If the statutory provision for including 'ordinary treatment processes normally applied by mine owners or operators' left the issue in doubt, it was set at rest by the Supreme Court in United States v. Cannelton Sewer Pipe Company, 364 U.S. 76, 80 S.Ct. 1581, 1587, 4 L.Ed.2d 1581, 1587, decided shortly after judgment was entered in this case. There the taxpayer mined fire clay and shale at Cannelton, Indianan, which was processed into sewer pipe and other vitrified articles. Because it could not profitably sell its raw fire clay and shale, taxpayer contended that its percentage depletion was properly based upon its gross sales of finished products. The government contended that an industry wide test should be applied. The findings were that during 1951, the tax year in question, there were substantial sales of raw fire clay and shale in Indiana. In Kentucky, across the river from taxpayer's plant, fire clay and shale of the same grade were mined and sold. Since 1957, the taxpayer had secured all of its mineral requirements from this source by lease under which the lessor mined and delivered the raw material. In holding that fire clay and shale were 'ommercially marketable' in their raw state, the court rejected the argument that such phrase implied marketability at a profit. 'It would be strange, indeed,' said the Court, 'to ascribe to the Congress an intent to permit each miner to adopt processes peculiar to his individual operation.'
Proceeding from the sound premise that an industry-wide test must be applied, the government next argues that the taxpayer is a part of the limestone mining industry and that the basic marketable product of such industry is crushed limestone. While conceding that cement rock is a species of limestone, the taxpayer asserts that cement rock is a mineral in its own right and is recognized as such by statute, by treasury regulations and by court decisions.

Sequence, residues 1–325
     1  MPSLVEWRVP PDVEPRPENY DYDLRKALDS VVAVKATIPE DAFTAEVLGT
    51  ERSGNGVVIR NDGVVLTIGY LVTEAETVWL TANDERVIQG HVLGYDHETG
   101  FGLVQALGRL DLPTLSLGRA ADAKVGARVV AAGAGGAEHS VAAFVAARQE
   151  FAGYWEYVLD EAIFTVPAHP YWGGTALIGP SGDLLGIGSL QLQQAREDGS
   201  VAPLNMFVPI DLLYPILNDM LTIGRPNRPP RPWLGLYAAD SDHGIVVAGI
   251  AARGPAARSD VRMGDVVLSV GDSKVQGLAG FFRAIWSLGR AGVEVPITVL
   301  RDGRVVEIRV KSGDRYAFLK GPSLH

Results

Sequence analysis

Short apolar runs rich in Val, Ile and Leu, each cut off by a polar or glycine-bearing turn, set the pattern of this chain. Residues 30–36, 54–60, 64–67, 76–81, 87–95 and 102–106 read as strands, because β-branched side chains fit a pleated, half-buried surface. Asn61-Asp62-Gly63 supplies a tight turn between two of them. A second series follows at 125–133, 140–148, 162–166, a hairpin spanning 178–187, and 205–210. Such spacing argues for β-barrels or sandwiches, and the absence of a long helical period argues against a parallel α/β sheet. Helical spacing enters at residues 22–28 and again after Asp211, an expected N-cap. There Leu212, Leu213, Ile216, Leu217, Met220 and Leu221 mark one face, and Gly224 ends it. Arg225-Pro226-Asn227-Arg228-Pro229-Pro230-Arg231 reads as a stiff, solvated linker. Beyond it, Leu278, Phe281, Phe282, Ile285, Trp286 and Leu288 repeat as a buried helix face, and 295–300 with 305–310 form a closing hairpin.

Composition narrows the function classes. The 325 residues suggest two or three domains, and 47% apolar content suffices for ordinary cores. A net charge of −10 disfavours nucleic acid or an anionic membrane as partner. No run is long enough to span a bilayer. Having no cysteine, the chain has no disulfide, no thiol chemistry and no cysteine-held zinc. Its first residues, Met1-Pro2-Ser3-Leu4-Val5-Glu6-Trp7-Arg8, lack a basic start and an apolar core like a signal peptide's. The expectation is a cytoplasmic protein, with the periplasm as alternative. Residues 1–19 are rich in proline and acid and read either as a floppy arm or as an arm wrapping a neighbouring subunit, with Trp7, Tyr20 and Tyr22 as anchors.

The statutory list of 'all other minerals' to be accorded a 15% depletion allowance included 'calcium carbonates' and 'limestone.' Cement rock is not listed by that name but it is one of the calcium carbonates as well as a type of limestone. Treasury Regulations 118, 39.23(m)-5(b), significantly provides:
'For the purpose of this section, the minerals indicated below shall have the following meanings:
'Calcium carbonate * * * Miscellaneous limestones and other calcium carbonate rocks * * * such as cement rock and limestone used or sold for use in soil treatment. This classification does not include rocks or minerals used or sold for use as ballast, road making, concrete aggregates or other purposes for which chemical composition is not a major requirement.'
In Dragon Cement Company v. United States, 1 Cir., 244 F.2d 513, 517, the controversy, as in our case, was over the depletion allowance to be granted a taxpayer who quarried cement rock for processing into cement. After tracing the legislative history of depletion laws, the court observed:
'By 319 of the Revenue Act of 1951 (65 Stat. 497), the Congress amended 114(b) (4)(A) of the Internal Revenue Code so as to extend the availability of percentage depletion for the first time to 'calcium carbonates,' which includes deposits of cement rock, the natural resource involved in the case at bar.'